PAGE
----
The two Delta pilot representatives and the two C. S. pilot representatives negotiated and ultimately agreed upon an integrated seniority list. This was in turn approved by the Master Executive Councils of the Delta and C. S. ALPA locals, and served on all interested persons. Procedures were agreed upon for individual protests to be considered by a Seniority Board of the four pilot representatives and a fifth member selected by the National Mediation Board. Subject to such changes as might be made under the protest procedures, the list was declared to be binding on all pilots and on the ALPA, the latter being designated to "negotiate said integrated List into a single employment agreement with the surviving merged carrier."
Later four of the six signatory members of the C. S. Master Executive Council desired to withdraw their approval of the agreement. Delta representatives also later challenged the list.
Individual protests were filed by 141 pilots, about one-third of them directed to alleged improper listing within the framework of the agreement and two-thirds to the basic manner in which the list was compiled.
During consideration of the protests the Seniority Board recessed to allow the groups to reconcile the asserted differences on the list. This failed to produce agreement and the Seniority Board reconvened and dismissed all the protests. The four pilot representatives agreed to dismiss the protests for the stated reason that any attempt to make changes would in all likelihood create more injustices. The neutral Mediation Board representative reached the same conclusion on different grounds; he regarded most of the protests as not within the scope of the initial agreement and the others as without merit. The 141 individual protestants were not allowed to present evidence or oral arguments; the Board's order did not require formalized hearings and the Seniority Board agreement did not so require. Subsequently the integrated seniority list was incorporated into the regular contract between ALPA and Delta; since 1953 that list has been incorporated in three collective bargaining contracts. Meanwhile, although the collective bargaining contracts contained grievance procedures, neither the union nor any pilot has asserted a claim under that procedure challenging seniority standing. No pilot has made any claim for the "displacement allowance" provided by the Board to compensate employees for wage reduction or loss due to the merger.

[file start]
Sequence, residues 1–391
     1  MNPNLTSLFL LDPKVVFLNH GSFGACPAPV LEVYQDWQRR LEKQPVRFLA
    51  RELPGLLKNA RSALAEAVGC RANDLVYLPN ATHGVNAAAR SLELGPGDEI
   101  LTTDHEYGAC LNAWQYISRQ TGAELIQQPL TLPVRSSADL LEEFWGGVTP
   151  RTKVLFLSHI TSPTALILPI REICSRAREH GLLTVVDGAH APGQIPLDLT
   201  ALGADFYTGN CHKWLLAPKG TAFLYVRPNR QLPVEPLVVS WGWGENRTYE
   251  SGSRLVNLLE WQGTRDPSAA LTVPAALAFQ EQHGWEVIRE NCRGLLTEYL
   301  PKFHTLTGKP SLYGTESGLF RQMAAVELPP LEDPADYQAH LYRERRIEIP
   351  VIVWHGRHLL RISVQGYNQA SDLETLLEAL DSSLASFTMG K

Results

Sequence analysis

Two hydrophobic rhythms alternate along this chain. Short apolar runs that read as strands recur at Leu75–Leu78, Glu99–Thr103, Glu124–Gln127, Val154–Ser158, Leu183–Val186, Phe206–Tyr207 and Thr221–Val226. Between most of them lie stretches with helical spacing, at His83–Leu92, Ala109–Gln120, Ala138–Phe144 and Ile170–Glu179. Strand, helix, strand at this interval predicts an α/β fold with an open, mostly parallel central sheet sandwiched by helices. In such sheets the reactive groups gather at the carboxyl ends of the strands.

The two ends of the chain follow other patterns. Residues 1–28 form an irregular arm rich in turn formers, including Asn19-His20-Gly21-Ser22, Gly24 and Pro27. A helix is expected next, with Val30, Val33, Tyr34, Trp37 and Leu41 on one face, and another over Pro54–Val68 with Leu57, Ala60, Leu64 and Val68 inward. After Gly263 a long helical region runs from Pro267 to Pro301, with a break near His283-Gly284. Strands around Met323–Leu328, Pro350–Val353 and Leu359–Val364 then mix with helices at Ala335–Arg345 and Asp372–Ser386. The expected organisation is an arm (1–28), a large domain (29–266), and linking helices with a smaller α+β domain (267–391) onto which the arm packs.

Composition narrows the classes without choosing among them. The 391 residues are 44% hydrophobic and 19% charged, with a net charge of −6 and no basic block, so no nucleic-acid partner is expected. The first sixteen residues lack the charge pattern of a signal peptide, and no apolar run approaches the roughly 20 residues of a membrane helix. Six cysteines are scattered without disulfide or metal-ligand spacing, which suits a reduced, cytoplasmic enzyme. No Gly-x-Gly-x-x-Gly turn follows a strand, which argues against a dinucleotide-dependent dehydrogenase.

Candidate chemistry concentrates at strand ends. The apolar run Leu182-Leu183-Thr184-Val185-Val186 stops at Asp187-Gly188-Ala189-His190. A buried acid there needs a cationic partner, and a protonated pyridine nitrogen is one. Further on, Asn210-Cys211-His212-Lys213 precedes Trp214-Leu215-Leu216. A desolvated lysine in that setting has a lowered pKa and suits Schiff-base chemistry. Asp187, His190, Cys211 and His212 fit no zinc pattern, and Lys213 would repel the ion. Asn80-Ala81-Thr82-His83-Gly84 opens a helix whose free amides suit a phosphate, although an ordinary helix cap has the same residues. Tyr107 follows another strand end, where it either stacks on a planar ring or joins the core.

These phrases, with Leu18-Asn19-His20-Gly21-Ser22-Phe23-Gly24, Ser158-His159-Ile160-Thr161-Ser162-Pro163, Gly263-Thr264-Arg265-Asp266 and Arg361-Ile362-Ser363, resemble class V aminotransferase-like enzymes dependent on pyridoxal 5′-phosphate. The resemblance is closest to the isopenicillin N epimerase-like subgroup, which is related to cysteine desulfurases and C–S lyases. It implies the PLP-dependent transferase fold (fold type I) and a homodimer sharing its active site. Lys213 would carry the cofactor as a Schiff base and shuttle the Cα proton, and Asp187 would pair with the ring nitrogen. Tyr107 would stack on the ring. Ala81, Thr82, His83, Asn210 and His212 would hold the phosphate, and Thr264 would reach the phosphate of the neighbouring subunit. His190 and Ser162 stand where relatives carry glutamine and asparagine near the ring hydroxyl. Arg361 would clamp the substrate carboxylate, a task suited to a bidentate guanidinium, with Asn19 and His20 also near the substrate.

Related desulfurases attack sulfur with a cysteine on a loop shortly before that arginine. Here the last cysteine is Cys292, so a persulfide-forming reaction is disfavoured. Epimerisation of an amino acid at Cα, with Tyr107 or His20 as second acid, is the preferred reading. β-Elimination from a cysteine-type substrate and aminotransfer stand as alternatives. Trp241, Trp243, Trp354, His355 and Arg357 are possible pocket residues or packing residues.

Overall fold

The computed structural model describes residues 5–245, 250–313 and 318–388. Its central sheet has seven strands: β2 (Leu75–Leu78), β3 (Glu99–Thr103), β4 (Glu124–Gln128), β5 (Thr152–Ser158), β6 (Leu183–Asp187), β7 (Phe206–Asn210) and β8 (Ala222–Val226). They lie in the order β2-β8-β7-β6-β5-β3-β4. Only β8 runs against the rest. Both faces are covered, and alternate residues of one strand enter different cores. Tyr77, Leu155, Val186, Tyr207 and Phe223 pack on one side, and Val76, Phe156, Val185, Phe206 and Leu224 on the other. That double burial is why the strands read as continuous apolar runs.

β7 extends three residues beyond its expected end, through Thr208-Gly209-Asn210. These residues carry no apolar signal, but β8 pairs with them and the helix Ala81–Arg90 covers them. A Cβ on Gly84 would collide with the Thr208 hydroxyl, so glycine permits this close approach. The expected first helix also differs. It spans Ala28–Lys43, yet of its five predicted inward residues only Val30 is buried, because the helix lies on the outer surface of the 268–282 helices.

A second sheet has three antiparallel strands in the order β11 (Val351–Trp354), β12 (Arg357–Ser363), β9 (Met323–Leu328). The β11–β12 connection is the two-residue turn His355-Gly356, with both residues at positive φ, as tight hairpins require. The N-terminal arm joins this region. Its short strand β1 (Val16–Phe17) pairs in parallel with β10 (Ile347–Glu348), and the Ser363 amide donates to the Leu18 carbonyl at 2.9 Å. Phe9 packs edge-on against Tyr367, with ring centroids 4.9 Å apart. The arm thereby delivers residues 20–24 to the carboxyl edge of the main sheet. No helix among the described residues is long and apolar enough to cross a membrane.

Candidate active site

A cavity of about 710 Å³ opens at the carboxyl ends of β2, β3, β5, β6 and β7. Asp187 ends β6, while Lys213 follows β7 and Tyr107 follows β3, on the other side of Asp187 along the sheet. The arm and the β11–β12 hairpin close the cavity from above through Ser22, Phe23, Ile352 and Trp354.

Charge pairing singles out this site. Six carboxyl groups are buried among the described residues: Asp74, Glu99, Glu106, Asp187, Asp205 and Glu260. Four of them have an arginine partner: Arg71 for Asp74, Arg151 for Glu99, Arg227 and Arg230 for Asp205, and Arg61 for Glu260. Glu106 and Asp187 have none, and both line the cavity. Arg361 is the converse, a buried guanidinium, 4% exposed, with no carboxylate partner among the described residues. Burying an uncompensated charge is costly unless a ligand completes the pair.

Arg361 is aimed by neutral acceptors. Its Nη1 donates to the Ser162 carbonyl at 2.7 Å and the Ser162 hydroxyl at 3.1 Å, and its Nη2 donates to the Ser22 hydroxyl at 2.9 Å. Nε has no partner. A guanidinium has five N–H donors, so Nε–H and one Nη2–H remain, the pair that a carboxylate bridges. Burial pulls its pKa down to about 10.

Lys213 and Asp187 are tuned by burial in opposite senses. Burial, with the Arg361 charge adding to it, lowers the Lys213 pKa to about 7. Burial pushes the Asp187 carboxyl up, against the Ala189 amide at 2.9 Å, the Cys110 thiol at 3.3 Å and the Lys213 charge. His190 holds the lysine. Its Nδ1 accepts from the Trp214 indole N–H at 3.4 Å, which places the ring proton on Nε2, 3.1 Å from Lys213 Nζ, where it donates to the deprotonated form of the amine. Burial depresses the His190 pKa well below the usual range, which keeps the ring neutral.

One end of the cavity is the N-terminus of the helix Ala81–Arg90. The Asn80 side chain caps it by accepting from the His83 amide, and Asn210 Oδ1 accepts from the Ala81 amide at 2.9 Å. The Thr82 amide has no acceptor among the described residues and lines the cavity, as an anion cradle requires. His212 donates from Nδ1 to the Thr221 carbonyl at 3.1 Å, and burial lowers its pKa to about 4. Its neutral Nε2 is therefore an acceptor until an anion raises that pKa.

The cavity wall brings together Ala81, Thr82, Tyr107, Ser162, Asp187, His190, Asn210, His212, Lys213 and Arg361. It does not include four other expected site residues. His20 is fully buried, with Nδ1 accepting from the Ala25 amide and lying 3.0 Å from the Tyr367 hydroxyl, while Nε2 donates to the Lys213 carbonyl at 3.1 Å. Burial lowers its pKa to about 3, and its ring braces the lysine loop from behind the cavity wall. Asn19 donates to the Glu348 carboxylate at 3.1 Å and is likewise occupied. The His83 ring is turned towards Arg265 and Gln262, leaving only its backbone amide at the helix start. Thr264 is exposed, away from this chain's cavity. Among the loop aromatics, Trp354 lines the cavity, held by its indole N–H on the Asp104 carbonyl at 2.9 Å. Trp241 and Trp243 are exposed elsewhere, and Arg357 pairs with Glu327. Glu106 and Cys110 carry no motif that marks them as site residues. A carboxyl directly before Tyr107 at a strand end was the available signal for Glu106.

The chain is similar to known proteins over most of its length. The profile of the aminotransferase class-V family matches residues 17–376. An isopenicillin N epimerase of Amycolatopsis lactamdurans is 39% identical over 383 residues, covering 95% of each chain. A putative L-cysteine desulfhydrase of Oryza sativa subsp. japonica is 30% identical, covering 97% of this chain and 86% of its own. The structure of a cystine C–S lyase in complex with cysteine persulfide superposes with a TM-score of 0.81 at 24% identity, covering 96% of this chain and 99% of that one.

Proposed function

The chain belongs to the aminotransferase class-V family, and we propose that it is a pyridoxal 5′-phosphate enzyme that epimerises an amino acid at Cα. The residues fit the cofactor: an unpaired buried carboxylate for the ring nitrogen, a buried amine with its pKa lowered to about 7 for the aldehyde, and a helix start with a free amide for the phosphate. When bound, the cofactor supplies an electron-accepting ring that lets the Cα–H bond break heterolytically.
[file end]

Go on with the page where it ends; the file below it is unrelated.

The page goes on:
In May 1958, five years after the integration of the list was accomplished, the petitioners filed with the Civil Aeronautics Board a petition to vacate the list and establish a revised list based solely on "length of service." The Seniority Board's procedures were also challenged with respect to its action in denying requests of 54 pilots to appear in person and by counsel on their protests.